Astros general manager Ed Wade said Saturday right-hander Felipe Paulino would start Tuesday against the Giants if Roy Oswalt can’t pitch. Oswalt, who has been bothered with a lower left back strain, will likely be placed on the 15-day disabled list of he can’t start Tuesday.
Paulino was scheduled to start Saturday at Triple-A Round Rock, but he was scratched in anticipation of perhaps throwing Tuesday. Paulino, who is 2-5 with a 7.04 ERA for the Astros this year, is 1-0 with a 2.25 ERA in five starts at Round Rock.
“He’s going to do a bullpen up there and just be on hold,” Wade said. “If we get word back from Roy on Monday he’s not going to be able to make the start on Tuesday, that probably puts us in a position of having to put him on the disabled list.”
Oswalt would miss only two starts if he’s on the disabled list. He threw 50 pitches off flat ground Saturday in St. Louis and said he felt “20 to 30 percent” better than he did after throwing lightly Friday at 50 percent effort. He threw at 75 percent effort Saturday.
Oswalt said he will get a better idea if he’s going to make the start when he pitches off the mound either Sunday or Monday.
“Throwing off flat ground is great and all, but the biggest test will be when I get on the mound,” Oswalt said. “About the only time you’re 100 percent is in the off-season, so if I get back to 90 percent I’ll be in good shape. The biggest thing is trusting it when you get out there. You don’t want to get in a situation in a game where you’re not going all out and you lose a ballgame. If I think I can get out there and get outs, I can get out there.”
Yorman Bazardo (9-5, 2.98 ERA) has been Round Rock’s top starter this year, but he’s out of options. If the Astros brought him up to make a spot start, he would have to clear waivers to make it back to Round Rock.
“From a logistical standpoint, Paulino was the obvious choice at this stage,” Wade said. “Bazardo was a consideration, but from a roster standpoint he has no options remaining, and if we were to bring Yorman up at that point in time we’re pretty much locked into keeping him. That creates a domino effect when Oswalt comes off the DL and [LaTroy] Hawkins comes off the DL. So we had to sort of look at it in the short term and long term.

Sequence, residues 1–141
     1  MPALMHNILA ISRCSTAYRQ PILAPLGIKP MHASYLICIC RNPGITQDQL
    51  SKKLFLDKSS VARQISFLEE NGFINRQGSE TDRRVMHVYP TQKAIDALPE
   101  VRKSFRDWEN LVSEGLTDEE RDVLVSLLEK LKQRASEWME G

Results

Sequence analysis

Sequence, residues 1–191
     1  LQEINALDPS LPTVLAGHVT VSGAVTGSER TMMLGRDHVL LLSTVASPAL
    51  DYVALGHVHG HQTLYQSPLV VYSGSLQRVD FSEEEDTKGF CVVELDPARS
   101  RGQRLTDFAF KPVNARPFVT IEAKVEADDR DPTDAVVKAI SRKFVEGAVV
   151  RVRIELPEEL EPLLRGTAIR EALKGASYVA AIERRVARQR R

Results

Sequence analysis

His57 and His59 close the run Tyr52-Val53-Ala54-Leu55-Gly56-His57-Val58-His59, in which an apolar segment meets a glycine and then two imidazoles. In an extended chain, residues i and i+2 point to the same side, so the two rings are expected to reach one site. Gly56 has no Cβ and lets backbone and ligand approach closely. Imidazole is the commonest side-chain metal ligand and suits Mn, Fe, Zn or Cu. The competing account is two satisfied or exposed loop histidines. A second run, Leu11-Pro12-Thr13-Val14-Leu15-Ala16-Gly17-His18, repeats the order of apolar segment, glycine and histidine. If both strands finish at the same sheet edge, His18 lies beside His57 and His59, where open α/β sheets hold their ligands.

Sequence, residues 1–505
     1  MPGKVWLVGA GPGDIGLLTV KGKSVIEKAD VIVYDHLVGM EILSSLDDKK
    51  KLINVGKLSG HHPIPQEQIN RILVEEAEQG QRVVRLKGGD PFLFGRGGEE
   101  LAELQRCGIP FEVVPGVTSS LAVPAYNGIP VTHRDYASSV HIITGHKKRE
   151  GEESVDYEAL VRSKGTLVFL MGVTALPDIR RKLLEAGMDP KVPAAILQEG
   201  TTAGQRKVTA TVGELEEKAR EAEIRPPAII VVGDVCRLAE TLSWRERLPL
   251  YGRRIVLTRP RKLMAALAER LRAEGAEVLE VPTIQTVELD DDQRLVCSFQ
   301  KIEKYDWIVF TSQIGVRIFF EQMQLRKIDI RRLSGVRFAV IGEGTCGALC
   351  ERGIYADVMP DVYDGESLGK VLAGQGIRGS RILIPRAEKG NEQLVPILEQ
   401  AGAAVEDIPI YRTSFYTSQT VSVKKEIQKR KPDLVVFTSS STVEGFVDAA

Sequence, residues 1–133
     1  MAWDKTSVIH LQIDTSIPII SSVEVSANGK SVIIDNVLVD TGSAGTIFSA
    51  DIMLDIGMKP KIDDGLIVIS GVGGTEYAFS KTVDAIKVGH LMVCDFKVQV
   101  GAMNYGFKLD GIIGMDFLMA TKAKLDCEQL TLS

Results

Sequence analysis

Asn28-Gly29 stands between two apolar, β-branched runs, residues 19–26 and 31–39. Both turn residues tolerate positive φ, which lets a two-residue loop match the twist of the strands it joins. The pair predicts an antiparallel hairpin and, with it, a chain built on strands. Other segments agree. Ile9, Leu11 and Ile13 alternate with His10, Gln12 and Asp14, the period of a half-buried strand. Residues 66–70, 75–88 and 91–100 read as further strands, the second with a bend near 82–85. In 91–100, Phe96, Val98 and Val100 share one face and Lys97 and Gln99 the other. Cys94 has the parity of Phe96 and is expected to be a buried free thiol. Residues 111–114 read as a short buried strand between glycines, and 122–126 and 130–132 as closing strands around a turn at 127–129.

“Short term because we may need to cover two starts and long term if you cover with a guy like Bazardo it could impact the structure of the pitching staff and put him in position we have to put him on waivers to get him back down. Every little roster move has ramifications, and we need to try to think these things through.”
Unless Roy Oswalt makes a drastic improvement in his battle with a strained lower back, he’s likely headed to the disabled list Monday, leaving the Astros in need of a starting pitcher for Tuesday’s game against the Giants.
There really isn’t anyone in the bullpen who at this point would be capable of starting, so it’s likely the Astros would have to call upon a player from Triple-A Round Rock. The most likely candidate is Yorman Bazardo, who was 9-4 with a 2.76 ERA in 21 games (18 starts) entering Friday.
Because of Thursday’s off day, putting Oswalt on the DL would mean he would only miss two starts, so don’t reach for the panic button. He was originally started to pitch Sunday, but rookie Bud Norris will take his spot. Russ Ortiz was scheduled to go Tuesday before his release, and Oswalt will wait until Monday to see if he’s ready for that.
Now, on Friday I asked Roy about his back and I think he took a shot at me. He said his back was hurting, but he could do about 90 percent of the jobs in America, but pitching wasn’t one of them. I asked him if he could do my job, and he said his hands feel good.
Hey, pal, this job isn’t as easy as it looks from down there on the field.